NEW YORK (Reuters) - As Jalloul Ayed describes it, he literally answered the call of his country... in the lobby of a random London office building on a Thursday afternoon in January.
Two weeks after a popular revolt in Tunisia ended President Zine al-Abidine Ben Ali’s 23-year autocratic rule, Ayed, an affable U.S.-educated banker with a passion for classical music, was told he had been named finance minister — over the din of a London street on his way to the subway.
That was after a local radio announced members of a new cabinet with Ayed in the crucial role as finance minister.
Warned by an assistant to then interim prime minister Mohamed Ghannouchi to expect a call, Ayed thought he might be asked for some advice.
“I got the call as I was walking out of my office going to the tube station, you know, and the Prime Minister did call me ... He said, ‘Congratulations, you are the minister of finance,’” Ayed told Reuters in an interview on the sidelines of the New York Forum on Tuesday.
“I said fine ... so I answered the call of duty. It is a call of your country. Tomorrow, if it is a call of a party, I don’t know,” said Ayed, a married father of three.
Ayed, 60, is careful to burnish his image for impartiality and non-party affiliation. He spent 23 years — ironically the same amount of time as Ben Ali’s reign — working for Citibank and, just prior to his appointment, Banque Marocaine du Commerce Exterieur (BMCE) in the Gulf and in London.
He has survived two interim governments and says he will remain in place at least through the constitutional changes process.
Focusing on work rather than party politics, Ayed said he is pushing ahead with a restructuring of regulations and banking laws. It is an attempt to spur a diversification of the economy away from its traditional base in tourism and exports of value-added export materials such as textiles or electronic components.
Tourist numbers are expected to fall to 3.5 million, he said, compared with 7 million tourists in 2010 who together brought in 3.5 billion dinars ($2.55 billion) in revenues.
“It is a strategic objective ... Today (technology) is about 25 percent of exported products and we want it to go up to 50 percent,” he said.
According to Ayed, Tunisia’s 700,000 unemployed include 165,000 citizens with advanced degrees and few choices for jobs. Tunisia’s tourism industry employs 1 million people, providing subsidence to 3 million, Ayed said, out of a population of 10.5 million.
Tunisia is currently paying the unemployed but educated citizens a monthly stipend of about 200 dinars to help them remain active job seekers, while also developing vocational/educational retraining programs to build skills.
On Saturday, at a rescheduled cabinet meeting of interim Prime Minister Beji Caid Sebsi, Ayed said he will present plans for two “large investment vehicles” to help spur economic development.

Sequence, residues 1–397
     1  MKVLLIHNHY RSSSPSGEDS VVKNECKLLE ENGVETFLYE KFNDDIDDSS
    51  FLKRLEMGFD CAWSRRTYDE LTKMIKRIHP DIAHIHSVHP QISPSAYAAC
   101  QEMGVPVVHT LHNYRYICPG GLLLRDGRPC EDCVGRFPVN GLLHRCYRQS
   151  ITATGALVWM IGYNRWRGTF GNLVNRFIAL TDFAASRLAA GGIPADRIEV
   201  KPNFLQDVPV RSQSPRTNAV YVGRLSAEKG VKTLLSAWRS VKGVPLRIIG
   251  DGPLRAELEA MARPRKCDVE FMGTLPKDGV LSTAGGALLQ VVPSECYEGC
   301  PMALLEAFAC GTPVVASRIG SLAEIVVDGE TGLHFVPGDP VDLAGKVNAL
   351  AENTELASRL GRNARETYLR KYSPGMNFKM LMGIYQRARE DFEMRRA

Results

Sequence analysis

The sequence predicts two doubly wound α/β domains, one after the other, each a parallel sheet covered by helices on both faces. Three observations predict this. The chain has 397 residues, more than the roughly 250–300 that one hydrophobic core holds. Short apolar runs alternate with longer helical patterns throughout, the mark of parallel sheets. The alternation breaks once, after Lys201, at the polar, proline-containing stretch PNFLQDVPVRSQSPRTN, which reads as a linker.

“I was very surprised when I came back to Tunisia, 23 years later, that we really did not have such large investment vehicles,” said Ayed.
One fund will be publicly sponsored and will focus mainly on infrastructure projects. A second fund, seeded with about 2.5 billion dinars of government money, called the Generational Fund, will work with the private sector to invest in Tunisia.
He expects the economy to grow at maximum of just 1 percent in 2011 but is targeting 6 percent growth in 2012.
On Tuesday, the World Bank reported it signed off on a $500 million loan to help jump-start the economy.
Another personal priority is to bring some harmony to a tax system that costs off-shore export businesses relatively little while taking up to 30 percent from on-shore businesses.
“I think there is room to lower that and improve a lot more discipline in tax collection,” he said.
The protests in Tunisia that led to the fall of Ben Ali sparked an “Arab Spring” wave of popular uprisings across North Africa and the Middle East are still reshaping the political and socio-economic landscape.
After Ben Ali, Egypt’s Hosni Mubarak was toppled in February after nearly 30 years in power. Protests continue in Bahrain, Syria and Libya, where NATO engaged an aerial bombardment to defend civilians from their own ruler, Muammar Gaddafi.
In the wake of the violent uprising and military actions in oil-rich Libya to Tunisia’s east, nearly half a million people crossed the border, Ayed said, although many have been taken in by families, stayed in hotels or rented apartments.
The government is trying to accommodate between 16,000 and 17,000 refugees, mainly non-Libyan migrant workers from Eritrea or Somalia who crossed the border and remain in camps.
That is in addition to the 45,000 Tunisians living in Libya who fled back to their homeland.
“We paid 10,000 families about 600 dinars per family and 300 dinars per person,” he said.
“We still have some strain on the budget for a variety of reasons, but this one exacerbates the situation from an already difficult situation,” he said.
Reporting by Daniel Bases; Editing by Gary Hill